It is a further objective of this invention to incorporate a cooling liquid of food grade propalyne glycol which will not freeze when put in the freezer section of the refrigerator. It is a further objective of this invention to provide a storage container for one or more pacifiers which contains foam insulation and freezable gel within the inner and outer walls so that the enclosed pacifiers will remain cold even when away from the home. Therefore, the combination of one or more propalyne glycol filled pacifiers encased in an insulated, freezable gel walled storage container creates a system for providing cold, pacifier shaped teething devices even when away from home. Providing one or more cooling pacifiers in the insulated cold storage container insures that the baby will have a continual supply of cool teething relief. In addition, the holding ring of the pacifier rapidly warms to room temperature and therefore is comfortable to hold. In addition, a soft rubber or soft plastic material is installed on the outer perimeter of the hard plastic mouth guard so that the outer perimeter of the mouth guard may flex while the baby is lying on it's side in a horizontal position.


FIG. 1 is a perspective view of two pacifiers encased in their freezable storage container.

FIG. 2 is a cross section view of a single pacifier showing internal propalyne glycol filled bladder.

FIG. 3 is an external side view of pacifier showing nipple shape and teething bumps, mouth guard and handle.

FIG. 4 is a section view of the pacifier showing the nipple portion compressed and the resulting compression of the internal liquid filled bladder in the nipple portion and expansion of the same bladder in the hemispherical portion located on the opposite side of the mouth guard.

FIG. 5 shows a cross section view of the insulated freezable storage container with two cold teething pacifiers inside.


Two teething pacifiers (2 & 3) as well as the cold storage container (4) for holding said pacifiers is shown in FIG. 1. The lid of the cold storage container is hinged (1) in the rear. Snap (6) penetrates hole (7) to act as a closure. FIG. 2 shows a side section view of one pacifier with latex bladder (8) containing food grade propalyne glycol (19). Nipple (9) and integral shoulder (10) encase the latex bladder (8) and is made of silicone rubber or other resilient material. Mouth guard (11) is made of polypropalyne or other hard plastic. Nipple shoulder (10) is held to mouth guard (11) by means of heat stake rivet (12). Hemispherical cover (13) is glued or ultrasonically welded to mouth guard (11). Foldable handle (14) is retained by hemispherical cover (13). Soft mouth guard trim (15) goes around the perimeter of mouth guard (11) and is held in place by hemispherical cover (13) and is made out of soft rubber or other similar material. FIG. 3 shows exterior side view of teething pacifier. Small bumps (16) at base of nipple (9) help facilitate teething action. FIG. 4 shows nipple (9) in compressed position causing latex bladder (8) to compress in the nipple area (17) on the other side of the mouth guard (11). The baby's sucking action (18) causes nipple (9) to compress and then expand resulting in the cold propalyne glycol (19) to cycle between the nipple portion (9) and the hemispherical cover area (13). The sealed latex bladder (8) provides a satisfying resisitance as the baby sucks on nipple (9). Nipple (9) stays resilient even at sub-freezing temperatures because propalyne glycol (19) does not freeze solid. One or more teething pacifiers are stored in storage case as shown in FIG. 5. Storage case is comprised of outer shell (20), Inner foam insulation liner (21) gel material (23) such as blue ice or other similar freezing gel and inner wall (22). The entire unit as shown in FIG. 5 is placed in the freezer compartment of a home refrigerator for 1 hour or more causing gel material (23) to freeze. Tests have shown that teething pacifiers stay cold for at least 3 hours when stored in storage container (4). A parent may carry the storage container (4) containing the teething pacifiers (2 & 3) in a purse or baby bag so that the teething pacifiers (2 & 3) are available at any time. The baby sucks On pacifier (2) and when pacifier (2) is no longer cold, the parent replaces pacifier (2) into storage container (4) and pulls out cold pacifier (3) for use which allows time for pacifier (2) to become cold again. This pacifier rotation can be repeated as long as the insulated storage container remains cold.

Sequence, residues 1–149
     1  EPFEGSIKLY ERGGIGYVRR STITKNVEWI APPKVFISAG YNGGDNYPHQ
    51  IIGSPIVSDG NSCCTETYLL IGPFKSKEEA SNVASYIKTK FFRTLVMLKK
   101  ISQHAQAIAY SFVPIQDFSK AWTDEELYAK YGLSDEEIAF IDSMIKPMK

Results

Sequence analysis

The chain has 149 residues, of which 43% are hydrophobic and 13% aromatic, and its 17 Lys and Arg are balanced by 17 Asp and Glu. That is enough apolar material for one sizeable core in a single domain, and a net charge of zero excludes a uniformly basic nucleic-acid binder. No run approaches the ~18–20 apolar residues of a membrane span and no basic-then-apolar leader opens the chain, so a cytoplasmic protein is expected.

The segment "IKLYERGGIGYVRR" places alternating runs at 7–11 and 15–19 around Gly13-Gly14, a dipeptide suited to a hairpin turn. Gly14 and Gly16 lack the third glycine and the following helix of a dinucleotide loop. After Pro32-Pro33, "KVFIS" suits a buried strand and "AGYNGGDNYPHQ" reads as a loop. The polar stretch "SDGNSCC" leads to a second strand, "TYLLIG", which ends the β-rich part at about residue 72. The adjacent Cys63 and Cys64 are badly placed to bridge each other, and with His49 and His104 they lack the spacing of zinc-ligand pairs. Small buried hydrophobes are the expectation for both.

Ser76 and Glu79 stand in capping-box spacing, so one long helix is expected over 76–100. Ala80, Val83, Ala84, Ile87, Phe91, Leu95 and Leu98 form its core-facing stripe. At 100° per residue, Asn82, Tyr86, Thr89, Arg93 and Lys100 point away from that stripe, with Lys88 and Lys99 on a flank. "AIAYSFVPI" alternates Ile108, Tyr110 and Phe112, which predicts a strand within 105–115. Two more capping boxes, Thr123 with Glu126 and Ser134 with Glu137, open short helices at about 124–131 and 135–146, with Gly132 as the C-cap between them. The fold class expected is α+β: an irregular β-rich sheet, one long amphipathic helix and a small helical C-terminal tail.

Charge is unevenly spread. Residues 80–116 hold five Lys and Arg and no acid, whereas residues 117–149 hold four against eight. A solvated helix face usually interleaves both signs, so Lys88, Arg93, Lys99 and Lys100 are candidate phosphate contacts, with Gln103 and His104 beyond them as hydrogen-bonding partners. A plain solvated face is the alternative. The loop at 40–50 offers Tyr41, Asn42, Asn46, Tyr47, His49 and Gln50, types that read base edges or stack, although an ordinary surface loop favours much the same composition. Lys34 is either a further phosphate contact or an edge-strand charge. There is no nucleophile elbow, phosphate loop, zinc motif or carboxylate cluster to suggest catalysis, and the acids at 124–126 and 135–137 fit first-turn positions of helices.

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U.S. Classification62/457.5, 62/441, 606/235
International ClassificationA61J17/00, F25D3/08
Cooperative ClassificationF25D2331/804, F25D2303/0831, F25D3/08, A61J2200/44, A61J17/008, A61J17/001, A61J17/02
European ClassificationF25D3/08, A61J17/00
Legal Events
Sep 5, 2000FPAYFee payment
Year of fee payment: 4
Sep 22, 2004REMIMaintenance fee reminder mailed
Mar 4, 2005LAPSLapse for failure to pay maintenance fees
May 3, 2005FPExpired due to failure to pay maintenance fee
Effective date: 20050304